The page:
Multicultural electro-pop that is warm, bright and full of fun
Meet Jain

“When you make music, you have a chance to make it better for other people. I wanted to make a little bubble of peace. I’m really proud that’s my superpower – to make other people feel better.”

Jeanne Galice, more commonly known by her artistic moniker, Jain, might be young, but her unique continent-hopping sonics have been brewing for years. Her rare itinerant upbringing allowed her to collect and sample a myriad of musical genres to make music. Jain is acutely aware of the ever-evolving musical landscape, connoisseur of the sounds that have shaped cultures around the world to contemporary rave classics, particularly, French Electronic music alike.

Her debut album Zanaka (2015) – “child” in Madagascan – is a carefully curated assemblage of African rhythms, electro-swing, reggae, soul and hip-hop all in one. As we travel in time, the singer-songwriter shares that ‘Makeba’ was inspirited by the work Mama Africa aka Miriam Makeba.

Makeba was a South African singer, a songwriter who wrote several songs against the governmental policies, took a stand against the countries apartheid, and became a symbol of opposition to the system. Upon her death, Nelson Mandela said that “her music inspired a powerful sense of hope in all of us.”

Jain reminisces her infancy, and how her mother used to play Makeba’s songs to her. As conversation develops, she shared that she’s delighted that fans, especially the young mothers among them, have reached out to her confirming that her intention behind the single had been fulfilled, carrying Miriam’s name and artistic legacy to the next generations.

“I just thought that was really sad, that people my age didn’t know who she was, or her legacy”. – Jain notes – “I had messages from young mums that were listening to ‘Makeba’, and then they told me that their child was singing Pata Pata. It was adorable. “

Zanaka’s tremendous success would take Jain from the glorious streets of Paris to a  tour, supporting one of France’s most known prodigies; Christine and the Queens.

Comfortably sitting in a red sofa in West London, Jain shared stories of her nomadic lifestyle, and how being constantly exposed to different cultures on tour, being greeted by people that were just excited to see her on the daily, has provided an endless source of creative stimuli, and it was during this tour that she wrote most of her second album: Souldier.

“I didn’t want to do another song like Makeba. I wrote the songs on the tour bus, in between the shows, and days off. At the end of the tour, I already had all the demos for the album. I was inspired by the show and the live music for this album. Much more than I was for the first one.”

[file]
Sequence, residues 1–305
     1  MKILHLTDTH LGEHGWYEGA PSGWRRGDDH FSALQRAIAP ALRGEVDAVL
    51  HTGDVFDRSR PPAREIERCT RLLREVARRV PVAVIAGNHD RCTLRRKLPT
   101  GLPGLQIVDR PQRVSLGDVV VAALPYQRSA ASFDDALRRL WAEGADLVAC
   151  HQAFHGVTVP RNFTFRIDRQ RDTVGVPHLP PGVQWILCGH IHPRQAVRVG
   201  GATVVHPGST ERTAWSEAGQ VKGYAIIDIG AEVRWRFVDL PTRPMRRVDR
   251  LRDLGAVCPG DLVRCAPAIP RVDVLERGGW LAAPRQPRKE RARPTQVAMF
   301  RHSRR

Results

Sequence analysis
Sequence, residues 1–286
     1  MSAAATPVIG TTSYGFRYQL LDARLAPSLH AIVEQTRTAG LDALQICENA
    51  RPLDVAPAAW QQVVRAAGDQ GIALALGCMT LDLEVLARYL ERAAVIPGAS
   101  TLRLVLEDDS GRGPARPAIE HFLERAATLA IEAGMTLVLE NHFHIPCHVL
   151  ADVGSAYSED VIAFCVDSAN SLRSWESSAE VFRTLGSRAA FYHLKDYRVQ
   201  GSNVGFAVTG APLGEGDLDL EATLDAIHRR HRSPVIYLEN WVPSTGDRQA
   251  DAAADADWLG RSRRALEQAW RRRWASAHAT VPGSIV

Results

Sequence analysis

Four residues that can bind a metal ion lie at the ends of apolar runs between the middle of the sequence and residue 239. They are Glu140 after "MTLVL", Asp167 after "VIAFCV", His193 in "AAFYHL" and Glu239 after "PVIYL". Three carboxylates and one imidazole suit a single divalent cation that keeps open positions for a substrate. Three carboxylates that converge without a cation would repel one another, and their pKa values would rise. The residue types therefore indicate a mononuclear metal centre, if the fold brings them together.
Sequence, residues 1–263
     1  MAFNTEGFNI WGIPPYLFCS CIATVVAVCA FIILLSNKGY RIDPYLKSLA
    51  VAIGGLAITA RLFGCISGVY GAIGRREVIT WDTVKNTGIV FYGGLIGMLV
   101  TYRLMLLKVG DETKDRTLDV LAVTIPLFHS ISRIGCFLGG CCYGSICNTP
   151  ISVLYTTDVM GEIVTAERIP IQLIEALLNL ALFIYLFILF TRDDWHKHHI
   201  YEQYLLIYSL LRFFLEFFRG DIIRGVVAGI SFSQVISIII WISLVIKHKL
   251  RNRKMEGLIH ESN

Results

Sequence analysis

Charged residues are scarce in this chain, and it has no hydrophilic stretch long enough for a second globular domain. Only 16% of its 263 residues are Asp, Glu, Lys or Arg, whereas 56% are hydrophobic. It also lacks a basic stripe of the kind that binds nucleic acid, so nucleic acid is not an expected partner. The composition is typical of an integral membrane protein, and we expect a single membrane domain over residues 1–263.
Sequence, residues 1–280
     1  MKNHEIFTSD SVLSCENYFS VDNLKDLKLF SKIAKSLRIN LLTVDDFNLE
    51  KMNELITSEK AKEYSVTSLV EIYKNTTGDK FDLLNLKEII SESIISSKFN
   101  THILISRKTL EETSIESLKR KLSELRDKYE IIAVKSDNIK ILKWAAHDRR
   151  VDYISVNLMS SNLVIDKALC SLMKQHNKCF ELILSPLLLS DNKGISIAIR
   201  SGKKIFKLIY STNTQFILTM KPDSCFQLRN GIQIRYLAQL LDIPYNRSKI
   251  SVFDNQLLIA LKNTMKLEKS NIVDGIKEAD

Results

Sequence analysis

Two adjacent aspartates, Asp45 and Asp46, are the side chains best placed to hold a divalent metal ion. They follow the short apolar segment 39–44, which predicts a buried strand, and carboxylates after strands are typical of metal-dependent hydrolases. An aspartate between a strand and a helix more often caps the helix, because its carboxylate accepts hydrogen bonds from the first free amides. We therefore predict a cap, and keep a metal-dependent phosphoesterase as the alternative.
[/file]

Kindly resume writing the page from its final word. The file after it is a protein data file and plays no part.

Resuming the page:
‘Souldier’ is an expansive album that is full of meaning. This body of work carries Jain’s quest to innovate forward, creating music that sounds like everything you know, but as you have never listened to it before: the perfect antidote to life’s endless to-do list.

If you pay close attention, there are some lyrics in this project that will allow you to get to know Jain a bit more, and you can evidently denote growth between projects. I suggest you lend your ears to her first love song, ‘Dreams’, ‘Inspecta’ her refreshing re-interpretation of Inspector Gadget’s theme, the uplifting combo of brass and percussion inspired by backyard parties in Congo in ‘Flash (Point Noir), and ‘Souldier’ written after the shootings in Orlando.

Jain moved from Toulouse to Dubai at the age of 9 for Dubai, where she spent three years; then lived for four years in Congo, which she credits for her taste for percussion-led, danceable melodies, followed a year in Abu Dhabi, before moving back to Paris.

“I had to move back to move forward all my life. Moving from Congo to Abu Dhabi just for one year was tough. You have to leave your friends and your gang.“ – She proceeds – “ I was sad. It was a hard time.”

Over an arabesque melody, inspirited by the cities Pakistani and Indian communities, in ‘Abu Dhabi’, Jain recites the natural resistance we build when we are pushed out of our comfort zone. When you resist, pain persists, and you shut down the endless possibilities that might await us if we just let it flow, and push ourselves to try something new with no expectations. For Jain, it was joining a band, the Macumbaz.

“I had my first band [that year]. That’s the only way I could move forward from my experience in Congo. Now I realised that I had the best year of my life there.” – Jain comments how she developed a negative into a positive.

Jain credits this year as one of the best of her life – the one where she allowed herself to soak in the city’s rich musical culture that has been hidden in plain sight all along.

Having toured the US and Canada for the past seven weeks, Jain’s set to return to the British Island next week. For us, Londoners, Jain plays at Electric Brixton on Tuesday 27th. There’s also announced dates for next year, for full schedule visit www.jain-music.com

Words by Catarina Ramalho

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